“He knows the market, he knows the station, he knows the process, he’s evolved with the times,” WLUC GM Rob Jamros said in a statement.
Asplund has been with the Marquette, MI, NBC affiliate for more than 30 years and is currently the early evening anchor.
According to the station, “When not at the desk, Asplund does everything from reporting and producing to handling mechanical failures with equipment; he even cleans and can often be found at the station seven days a week.”
“I never would have imagined that I would have covered so many great stories here at Local 15,” Townsend told his co-anchors.
Clement has worked at WPMI for eight years.
According to the station, he is heading to Lynchburg, VA, for what they say is a “new opportunity in sports broadcasting.”
The station took a picture to show it off and made it the cover photo of its facebook page.
Today we learn, the station changed the picture. But we can still see the painted disabled parking sign peeking out from under the van. May we make a suggestion? If you’re not going to re park it, use photoshop to hide your scofflaw ways.
Chico, CA, NBC and CBS affiliate KHSL-KNVN recently got a new news van.
Proud owners that they are, the station posted a picture of it on the station facebook page with the heading, “Check out our new tricked out ride!!!!”
The station also made the van pic the cover photo on the page.
The van is parked in a handicapped space.
Over the holidays a chef named Keith Guerke showed up on some Midwestern morning shows to give viewers tips on making fun food from leftovers.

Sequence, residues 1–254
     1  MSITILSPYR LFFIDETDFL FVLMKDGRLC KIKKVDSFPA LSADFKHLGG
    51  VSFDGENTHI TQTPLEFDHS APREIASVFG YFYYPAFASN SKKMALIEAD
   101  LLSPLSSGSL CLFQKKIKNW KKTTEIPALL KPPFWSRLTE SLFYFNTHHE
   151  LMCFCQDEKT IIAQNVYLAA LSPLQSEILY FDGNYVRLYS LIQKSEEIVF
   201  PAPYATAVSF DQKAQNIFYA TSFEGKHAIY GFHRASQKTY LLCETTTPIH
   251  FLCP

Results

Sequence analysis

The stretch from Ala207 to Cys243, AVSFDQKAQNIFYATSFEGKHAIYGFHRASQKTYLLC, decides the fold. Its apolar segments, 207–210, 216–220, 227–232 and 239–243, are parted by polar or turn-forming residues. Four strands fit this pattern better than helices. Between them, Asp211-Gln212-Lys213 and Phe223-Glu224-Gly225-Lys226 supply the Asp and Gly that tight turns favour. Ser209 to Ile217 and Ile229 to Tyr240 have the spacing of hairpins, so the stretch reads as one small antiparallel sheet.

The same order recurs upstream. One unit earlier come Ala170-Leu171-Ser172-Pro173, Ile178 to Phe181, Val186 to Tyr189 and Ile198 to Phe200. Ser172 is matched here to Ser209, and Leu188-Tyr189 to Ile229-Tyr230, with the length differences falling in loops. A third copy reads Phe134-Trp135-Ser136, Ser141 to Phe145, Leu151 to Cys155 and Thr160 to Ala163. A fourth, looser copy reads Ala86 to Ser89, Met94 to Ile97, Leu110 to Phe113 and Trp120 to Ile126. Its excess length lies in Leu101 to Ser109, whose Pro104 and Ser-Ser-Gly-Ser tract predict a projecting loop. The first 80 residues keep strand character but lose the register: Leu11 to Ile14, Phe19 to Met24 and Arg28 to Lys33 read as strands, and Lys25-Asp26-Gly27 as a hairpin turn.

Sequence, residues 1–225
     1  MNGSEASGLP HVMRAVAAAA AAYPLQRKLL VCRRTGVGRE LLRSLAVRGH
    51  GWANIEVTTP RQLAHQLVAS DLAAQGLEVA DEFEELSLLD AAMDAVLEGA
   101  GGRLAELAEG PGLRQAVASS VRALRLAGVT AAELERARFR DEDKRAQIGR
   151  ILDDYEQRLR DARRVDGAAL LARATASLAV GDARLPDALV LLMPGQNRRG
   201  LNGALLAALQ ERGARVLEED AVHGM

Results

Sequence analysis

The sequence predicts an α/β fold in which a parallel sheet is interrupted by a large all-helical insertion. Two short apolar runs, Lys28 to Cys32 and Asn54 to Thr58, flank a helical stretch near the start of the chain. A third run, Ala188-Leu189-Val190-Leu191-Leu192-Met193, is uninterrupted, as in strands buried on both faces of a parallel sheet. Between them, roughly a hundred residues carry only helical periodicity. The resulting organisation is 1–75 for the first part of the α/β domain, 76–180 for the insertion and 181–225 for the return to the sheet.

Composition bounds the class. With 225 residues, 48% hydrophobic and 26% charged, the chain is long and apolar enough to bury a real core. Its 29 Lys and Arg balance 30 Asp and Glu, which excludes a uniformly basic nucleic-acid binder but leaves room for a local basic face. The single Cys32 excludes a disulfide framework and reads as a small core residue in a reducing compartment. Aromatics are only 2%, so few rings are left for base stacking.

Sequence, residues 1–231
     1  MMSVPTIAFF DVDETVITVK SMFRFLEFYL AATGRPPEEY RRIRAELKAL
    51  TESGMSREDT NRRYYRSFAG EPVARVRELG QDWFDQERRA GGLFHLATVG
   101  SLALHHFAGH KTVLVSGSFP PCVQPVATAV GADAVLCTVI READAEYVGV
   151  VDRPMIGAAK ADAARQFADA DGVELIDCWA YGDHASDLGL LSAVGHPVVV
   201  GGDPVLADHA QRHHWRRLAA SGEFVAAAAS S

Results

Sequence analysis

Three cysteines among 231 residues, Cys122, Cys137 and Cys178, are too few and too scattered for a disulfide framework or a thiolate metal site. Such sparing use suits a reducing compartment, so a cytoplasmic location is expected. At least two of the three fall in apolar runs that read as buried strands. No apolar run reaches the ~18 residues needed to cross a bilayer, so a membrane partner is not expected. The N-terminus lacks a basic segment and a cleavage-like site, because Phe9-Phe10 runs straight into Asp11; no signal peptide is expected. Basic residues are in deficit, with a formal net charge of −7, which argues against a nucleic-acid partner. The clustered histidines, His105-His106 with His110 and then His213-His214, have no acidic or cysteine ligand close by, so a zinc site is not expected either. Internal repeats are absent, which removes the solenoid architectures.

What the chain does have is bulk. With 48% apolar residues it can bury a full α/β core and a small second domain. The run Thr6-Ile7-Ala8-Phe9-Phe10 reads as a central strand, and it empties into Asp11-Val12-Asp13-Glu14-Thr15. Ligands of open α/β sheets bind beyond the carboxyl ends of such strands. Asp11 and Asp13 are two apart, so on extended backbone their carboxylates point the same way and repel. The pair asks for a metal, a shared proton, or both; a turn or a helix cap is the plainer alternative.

Trouble is Guerke isn’t a chef and its not his real name. He’s part of a duo that created something called the Found Footage Festival.
According to the festival’s website, “Joe Pickett and Nick Prueher of the Found Footage Festival posed Prueher as an incompetent chef named Chef Keith and attempted to get him booked on local morning news shows in the Midwest. The result was five disastrous TV appearances.”
He showed off recipes like the mashed potato ice cream cone and told one AM anchor “The average person eats like a pound and a half of feces a year. No thank you.”
Reeves will replace Stacey Woelfel, who was named director of the Jonathan Murray Documentary Journalism Center at the University of Missouri’s School of Journalism last week. Reeves takes over September 1.
“Randy’s years of experience working in KOMU’s unique environment, along with his excellent sense of news and interpersonal communication skills, make him the natural choice for the position,” said Dean Mills, dean of the University of Missouri School of Journalism, in a statement. “I am confident he will continue Stacey’s good work, not only in teaching the hundreds of students that pass through the doors of KOMU, but in providing top-notch news coverage for Mid-Missourians as well.”
Reeves, who is currently an executive producer, has worked at KOMU since 2003.
Leitner most recently worked at WCBS, the CBS-owned station in New York City. Before that, she spent more than a decade at KPHO, the CBS affiliate in Phoenix, where she won multiple awards for her investigative work. She is a former contestant on “Survivor.”
Leitner officially joins WMAQ next week, according to Feder.
For 30 years, Crowner provided farming reports to the Louisville, KY, NBC affiliate. As the owner-operator of the Farm Service Radio Network, he was also a source of agricultural news to farmers in several states.
In 2008, he was inducted into the Kentucky Journalism Hall of Fame.
He was 81.
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